--- In , Matthias Weingart <lpc2100@p...> wrote:|
> On Wed, Nov 19, 2003 at 01:46:18AM +1100, microbit wrote:
> > The latest datasheet I D/L of Philips site seemed to indicate 30 mA.
> > Sure that can't be right ?
> > (Mind you - it took Philips to invent the very low power
> I think because of the low voltage (1.8 volts) this could be possible.
> However, the flash is slower than the CPU (can work at 20 Mips). The
> does some prefetching, with linear code you get the full 60 Mips,
> loops and jumps you are slower.
> > I'll be testing this very soon, but I'm "full of anticipation"
> I am interested of the power consumption in "RTC-mode" - running
> idle mode, just counting the internal RTC. I guess that are still
> so I would need a separate battery powered real time clock (a MSP430
> Anyone experiences yet? (I do not have any hardware yet to make some
you are absolutely correct that the LPC210x need to run in idle mode
in order to support the RTC. This prohibits battery backup over a
longer period of time.
What about using the other LPC from Philips. Even the smallest LPC900
devices have a real-time clock on-chip. I would recommend the LPC901
and an external 32 kHz crystal. In case you need some performance out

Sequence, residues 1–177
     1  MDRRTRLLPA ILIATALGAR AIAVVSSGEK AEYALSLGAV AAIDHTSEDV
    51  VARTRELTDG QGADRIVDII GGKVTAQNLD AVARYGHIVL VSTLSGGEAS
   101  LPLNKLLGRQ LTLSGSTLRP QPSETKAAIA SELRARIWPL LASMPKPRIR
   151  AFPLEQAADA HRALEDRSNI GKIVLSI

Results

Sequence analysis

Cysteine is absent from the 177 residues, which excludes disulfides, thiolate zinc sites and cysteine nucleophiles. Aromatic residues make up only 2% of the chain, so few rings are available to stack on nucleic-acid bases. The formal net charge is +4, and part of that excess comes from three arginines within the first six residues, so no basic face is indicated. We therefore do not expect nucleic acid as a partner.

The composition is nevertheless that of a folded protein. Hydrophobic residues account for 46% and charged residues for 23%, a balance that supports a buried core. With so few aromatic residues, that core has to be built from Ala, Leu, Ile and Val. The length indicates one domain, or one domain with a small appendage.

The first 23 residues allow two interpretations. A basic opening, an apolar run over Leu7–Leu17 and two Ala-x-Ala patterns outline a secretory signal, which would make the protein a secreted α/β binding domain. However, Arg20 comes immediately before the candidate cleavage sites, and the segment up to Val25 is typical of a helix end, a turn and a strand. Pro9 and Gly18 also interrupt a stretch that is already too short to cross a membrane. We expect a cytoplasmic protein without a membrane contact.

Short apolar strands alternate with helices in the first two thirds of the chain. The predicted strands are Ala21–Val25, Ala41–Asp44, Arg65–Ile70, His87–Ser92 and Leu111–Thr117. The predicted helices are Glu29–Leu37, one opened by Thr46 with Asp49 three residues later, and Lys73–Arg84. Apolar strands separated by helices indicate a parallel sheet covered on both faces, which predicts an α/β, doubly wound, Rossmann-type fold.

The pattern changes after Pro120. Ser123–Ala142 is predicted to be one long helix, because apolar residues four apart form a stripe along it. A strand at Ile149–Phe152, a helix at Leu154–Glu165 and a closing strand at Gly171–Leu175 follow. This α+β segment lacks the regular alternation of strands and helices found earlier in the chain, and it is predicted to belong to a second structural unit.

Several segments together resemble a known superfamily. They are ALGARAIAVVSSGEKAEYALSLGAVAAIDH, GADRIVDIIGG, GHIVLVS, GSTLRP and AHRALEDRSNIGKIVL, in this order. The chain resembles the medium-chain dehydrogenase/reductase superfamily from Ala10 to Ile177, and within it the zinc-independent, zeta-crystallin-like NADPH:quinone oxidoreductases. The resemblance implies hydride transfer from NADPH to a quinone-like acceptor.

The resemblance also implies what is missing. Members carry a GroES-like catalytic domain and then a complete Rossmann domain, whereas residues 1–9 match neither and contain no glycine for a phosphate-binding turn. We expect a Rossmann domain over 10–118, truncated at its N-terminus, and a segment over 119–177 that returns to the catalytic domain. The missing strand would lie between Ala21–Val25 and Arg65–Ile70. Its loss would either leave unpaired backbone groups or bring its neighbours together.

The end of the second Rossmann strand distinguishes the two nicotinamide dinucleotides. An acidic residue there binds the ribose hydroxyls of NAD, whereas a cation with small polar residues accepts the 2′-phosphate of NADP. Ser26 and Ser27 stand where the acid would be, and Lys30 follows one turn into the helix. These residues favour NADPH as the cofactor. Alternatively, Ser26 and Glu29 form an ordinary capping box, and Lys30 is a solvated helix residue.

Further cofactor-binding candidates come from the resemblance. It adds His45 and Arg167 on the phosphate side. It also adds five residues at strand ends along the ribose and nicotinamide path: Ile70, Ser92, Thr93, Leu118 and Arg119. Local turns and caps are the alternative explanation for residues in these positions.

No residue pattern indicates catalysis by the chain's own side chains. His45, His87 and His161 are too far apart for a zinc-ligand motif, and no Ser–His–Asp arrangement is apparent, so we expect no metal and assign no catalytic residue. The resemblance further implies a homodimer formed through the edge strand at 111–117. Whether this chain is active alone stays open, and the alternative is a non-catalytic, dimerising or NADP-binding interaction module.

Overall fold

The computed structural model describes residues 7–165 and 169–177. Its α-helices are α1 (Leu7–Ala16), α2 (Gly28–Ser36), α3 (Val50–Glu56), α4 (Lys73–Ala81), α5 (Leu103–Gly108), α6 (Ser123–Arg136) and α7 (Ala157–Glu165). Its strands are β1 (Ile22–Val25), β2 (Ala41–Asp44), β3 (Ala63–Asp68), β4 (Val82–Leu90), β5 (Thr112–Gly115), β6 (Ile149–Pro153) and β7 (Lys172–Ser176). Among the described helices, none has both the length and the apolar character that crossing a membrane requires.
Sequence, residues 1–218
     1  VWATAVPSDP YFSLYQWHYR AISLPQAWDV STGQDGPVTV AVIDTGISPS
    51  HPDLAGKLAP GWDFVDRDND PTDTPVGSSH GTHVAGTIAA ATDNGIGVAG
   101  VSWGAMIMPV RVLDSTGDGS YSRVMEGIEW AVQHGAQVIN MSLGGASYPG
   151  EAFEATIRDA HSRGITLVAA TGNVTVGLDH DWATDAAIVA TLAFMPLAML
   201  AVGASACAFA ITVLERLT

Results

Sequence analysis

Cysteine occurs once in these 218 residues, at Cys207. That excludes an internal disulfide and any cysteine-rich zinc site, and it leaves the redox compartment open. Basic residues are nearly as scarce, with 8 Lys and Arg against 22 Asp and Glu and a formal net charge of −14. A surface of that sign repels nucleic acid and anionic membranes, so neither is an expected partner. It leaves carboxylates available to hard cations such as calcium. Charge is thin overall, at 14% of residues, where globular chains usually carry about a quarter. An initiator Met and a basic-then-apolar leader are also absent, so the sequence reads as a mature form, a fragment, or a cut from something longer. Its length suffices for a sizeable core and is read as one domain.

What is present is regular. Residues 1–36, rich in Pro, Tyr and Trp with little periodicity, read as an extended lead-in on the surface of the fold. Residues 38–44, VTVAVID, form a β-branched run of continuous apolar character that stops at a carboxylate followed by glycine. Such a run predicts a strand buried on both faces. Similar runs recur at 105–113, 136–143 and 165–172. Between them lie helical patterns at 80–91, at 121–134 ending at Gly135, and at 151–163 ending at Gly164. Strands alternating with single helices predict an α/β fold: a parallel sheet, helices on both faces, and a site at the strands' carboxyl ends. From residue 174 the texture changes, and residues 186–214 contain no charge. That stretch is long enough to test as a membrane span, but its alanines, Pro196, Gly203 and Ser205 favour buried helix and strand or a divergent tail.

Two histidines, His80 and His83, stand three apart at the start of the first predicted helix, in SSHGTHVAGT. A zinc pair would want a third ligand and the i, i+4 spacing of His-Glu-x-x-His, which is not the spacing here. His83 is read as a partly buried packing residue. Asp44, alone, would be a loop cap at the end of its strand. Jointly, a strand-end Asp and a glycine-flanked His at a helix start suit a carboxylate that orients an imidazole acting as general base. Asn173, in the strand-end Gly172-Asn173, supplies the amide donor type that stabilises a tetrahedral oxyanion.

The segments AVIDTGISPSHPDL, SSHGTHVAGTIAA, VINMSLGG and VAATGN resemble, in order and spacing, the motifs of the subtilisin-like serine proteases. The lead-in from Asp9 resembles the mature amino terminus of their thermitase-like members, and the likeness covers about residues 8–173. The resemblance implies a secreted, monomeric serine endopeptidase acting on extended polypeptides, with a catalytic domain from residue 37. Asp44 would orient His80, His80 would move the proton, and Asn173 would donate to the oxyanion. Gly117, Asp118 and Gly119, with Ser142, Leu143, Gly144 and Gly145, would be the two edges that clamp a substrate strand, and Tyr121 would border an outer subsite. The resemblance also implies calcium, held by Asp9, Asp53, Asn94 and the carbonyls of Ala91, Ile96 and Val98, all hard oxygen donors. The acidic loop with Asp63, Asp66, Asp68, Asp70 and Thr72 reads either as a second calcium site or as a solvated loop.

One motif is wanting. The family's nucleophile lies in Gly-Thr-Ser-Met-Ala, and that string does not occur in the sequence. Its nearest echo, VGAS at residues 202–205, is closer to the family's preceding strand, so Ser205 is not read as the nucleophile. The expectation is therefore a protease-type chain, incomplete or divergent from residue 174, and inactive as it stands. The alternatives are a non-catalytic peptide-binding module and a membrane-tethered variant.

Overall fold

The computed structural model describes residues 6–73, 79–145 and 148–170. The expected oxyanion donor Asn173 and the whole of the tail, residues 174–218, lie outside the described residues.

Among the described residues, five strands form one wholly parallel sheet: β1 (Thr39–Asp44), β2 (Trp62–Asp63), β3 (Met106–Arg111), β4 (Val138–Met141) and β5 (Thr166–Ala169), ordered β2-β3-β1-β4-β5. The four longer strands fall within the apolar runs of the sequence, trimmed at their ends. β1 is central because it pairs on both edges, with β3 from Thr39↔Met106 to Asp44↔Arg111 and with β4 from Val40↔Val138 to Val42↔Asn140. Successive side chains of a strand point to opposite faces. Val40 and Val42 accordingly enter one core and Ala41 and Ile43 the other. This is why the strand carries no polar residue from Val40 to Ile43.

of this device as well, switch to the internal RC-oscillator which
will provide you with almost 4 "51-MIPS".
In regards to the first question, power consumption, we did some
initial measurements and found around 36 mA for the 1.8V power supply.
This is the core and all the logic but no I/O was driven. At approx.
65mW, the package "stays cool"
One more comment to the loops and jumps and flash speed. There are
several mechanisms implemented to speed up the flash and make it close
to 0 WS. A single loop will not make the LPC210x slower, a nested loop
will because the outer loop will be causing delays.
This device is definitely worth the money considering that 8- and
16-bit devices providing the same amount of on-chip memory are more
I heard that there will be low cost evaluation boards from IAR and
Keil coming out soon, both running below $200. Both are suppossed to
have a code-size limited compiler no expiration.